Filed under: Uncategorized | Tags: energy, energy flows, joules, mears, sankey diagram, tonnes
Gotta love the Sankey Diagram.
Filed under: Uncategorized | Tags: Fukushima, nuclear accident, nuclear disaster, radiation, Tepco, typhoon, Wipha
Sorry about the ad below if there is one and sorry about the fact that the spent fuel pool might blow over in the typhoon and make the northern hemisphere uninhabitable.
Filed under: Uncategorized | Tags: Air pollution, black carbon, dirt clod, energy, industrial emissions, ozone, ozone concentrations, particulate, PM-2.5, tailpipe, transportation
Via MIT. Looking at 2005:
… Total combustion emissions in the U.S. account for about 200,000 (90% CI: 90,000–362,000) premature deaths per year in the U.S. due to changes in PM2.5 concentrations, and about 10,000 (90% CI: −1000 to 21,000) deaths due to changes in ozone concentrations. The largest contributors for both pollutant-related mortalities are road transportation, causing ∼53,000 (90% CI: 24,000–95,000) PM2.5-related deaths and ∼5000 (90% CI: −900 to 11,000) ozone-related early deaths per year, and power generation, causing ∼52,000 (90% CI: 23,000–94,000) PM2.5-related and ∼2000 (90% CI: −300 to 4000) ozone-related premature mortalities per year. Industrial emissions contribute to ∼41,000 (90% CI: 18,000–74,000) early deaths from PM2.5 and ∼2000 (90% CI: 0–4000) early deaths from ozone. The results are indicative of the extent to which policy measures could be undertaken in order to mitigate the impact of specific emissions from different sectors — in particular black carbon emissions from road transportation and sulfur dioxide emissions from power generation.
Filed under: Uncategorized | Tags: "shutdown", EIA, energy, government shutdown, oil, oil prices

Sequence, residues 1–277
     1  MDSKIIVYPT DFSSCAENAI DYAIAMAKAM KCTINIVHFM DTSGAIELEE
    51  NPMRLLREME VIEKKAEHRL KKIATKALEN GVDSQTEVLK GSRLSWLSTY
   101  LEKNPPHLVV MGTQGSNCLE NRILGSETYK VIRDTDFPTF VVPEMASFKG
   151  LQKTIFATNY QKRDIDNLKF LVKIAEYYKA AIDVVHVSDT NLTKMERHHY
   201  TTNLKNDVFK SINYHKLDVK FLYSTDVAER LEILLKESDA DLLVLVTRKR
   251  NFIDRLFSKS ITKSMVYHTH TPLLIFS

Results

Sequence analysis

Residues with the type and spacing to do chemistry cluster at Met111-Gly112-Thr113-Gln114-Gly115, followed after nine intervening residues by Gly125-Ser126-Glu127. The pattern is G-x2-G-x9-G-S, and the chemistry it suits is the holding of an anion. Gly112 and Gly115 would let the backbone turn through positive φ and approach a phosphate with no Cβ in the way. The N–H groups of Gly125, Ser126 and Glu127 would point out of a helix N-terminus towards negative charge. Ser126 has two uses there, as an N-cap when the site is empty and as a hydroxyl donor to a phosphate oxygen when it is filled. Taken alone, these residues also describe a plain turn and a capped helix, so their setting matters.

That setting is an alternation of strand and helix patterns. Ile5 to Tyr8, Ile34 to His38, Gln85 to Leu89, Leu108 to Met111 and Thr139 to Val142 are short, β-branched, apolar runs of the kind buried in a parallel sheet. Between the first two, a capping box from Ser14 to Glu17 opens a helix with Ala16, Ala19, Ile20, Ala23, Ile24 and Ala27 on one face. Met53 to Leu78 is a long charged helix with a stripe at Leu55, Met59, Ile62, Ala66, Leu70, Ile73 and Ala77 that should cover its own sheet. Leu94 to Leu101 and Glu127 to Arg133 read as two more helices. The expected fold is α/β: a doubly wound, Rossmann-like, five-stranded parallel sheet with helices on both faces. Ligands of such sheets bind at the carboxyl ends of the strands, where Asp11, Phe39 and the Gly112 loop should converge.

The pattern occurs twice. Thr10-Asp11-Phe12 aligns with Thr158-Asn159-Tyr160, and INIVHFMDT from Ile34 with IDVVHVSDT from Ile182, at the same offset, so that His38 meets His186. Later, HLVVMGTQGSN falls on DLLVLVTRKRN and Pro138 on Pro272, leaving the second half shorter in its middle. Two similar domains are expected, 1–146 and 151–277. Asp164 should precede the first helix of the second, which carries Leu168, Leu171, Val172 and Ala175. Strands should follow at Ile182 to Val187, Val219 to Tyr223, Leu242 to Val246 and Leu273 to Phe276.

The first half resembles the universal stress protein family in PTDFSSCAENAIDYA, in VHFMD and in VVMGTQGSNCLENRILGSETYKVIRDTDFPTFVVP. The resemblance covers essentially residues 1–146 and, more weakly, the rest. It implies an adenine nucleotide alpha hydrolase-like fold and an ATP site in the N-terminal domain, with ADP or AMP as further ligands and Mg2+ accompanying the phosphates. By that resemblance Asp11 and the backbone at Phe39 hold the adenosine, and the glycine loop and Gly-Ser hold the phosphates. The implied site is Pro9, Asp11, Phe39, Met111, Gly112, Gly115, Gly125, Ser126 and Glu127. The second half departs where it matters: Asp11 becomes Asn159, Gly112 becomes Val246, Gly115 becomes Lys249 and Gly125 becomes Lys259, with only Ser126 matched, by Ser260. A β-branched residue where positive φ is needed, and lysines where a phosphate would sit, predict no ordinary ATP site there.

Leaving a void of energy propaganda.
Impact of the federal government shutdown on EIA ›
As a result of the lapse in appropriations for the U.S. Energy Information Administration, the EIA.gov website and our social media channels will not be updated after 1:00 p.m. Eastern Time on Friday, October 11, 2013. Transactions submitted via the website might not be processed until appropriations are enacted; databases might not be available; and we will not be able to respond to inquiries.
Will the shutdown affect EIA\’s reports and data releases? Yes. The release of all reports and data will cease during the shutdown.
Filed under: Uncategorized | Tags: butane, energy, gas prices, gasoline, NGLs, RVP, transportation, vapor pressure
Blending butane into gasoline is why gas prices fall in the fall, according to Robert Rapier. RVP = Reid vapor pressure, the higher the RVP the faster the evaporation. EPA sets limits on RVP of gasoline which are more stringent in summer months than in winter, allowing the increased blending of cheap, yet highly evaporative (word?) butane:
Butane has an RVP of 52 psi, which means pure butane is a gas at normal pressures and temperatures. But butane can be blended into gasoline, and its fractional contribution to the blend roughly determines its fractional contribution to the overall vapor pressure of the mixture. As long as the vapor pressure of the total blend does not exceed normal atmospheric pressure (again, ~14.7 psi) then butane can exist as a liquid component in a gasoline blend.
But with a vapor pressure as high as 52 psi, butane can’t make a large contribution to summer blends where the vapor pressure limit is 7.8 psi. For example, if a gasoline blend contained 10 percent butane, butane’s contribution to the vapor pressure limit is already 5.2 psi and you would still have 90 percent of the blend to go. It isn’t feasible to blend much butane into gasoline when the vapor pressure requirement is low. But when the limit increases by 5 or 7 psi, it becomes feasible to blend large quantities of butane.
Why do we care about blending butane anyway? Because it is abundant and cheap. Butane can routinely trade at a $1/gallon discount to crude oil or gasoline. Butane is a byproduct of oil refining, but is also a component of natural gas liquids (NGLs), which are condensed out during natural gas production. Given the huge expansion of natural gas production in the US, it should come as no surprise that NGL production is also on the rise.
Filed under: Uncategorized | Tags: bike racing, doping, Lance Armstrong, pro cycling, Sheryl Crow, USADA, wheelmen
According to an excerpt from a new book, Sheryl Crow witnessed Lance Armstrong receive a blood transfusion in 2004 and told federal investigators about in 2011.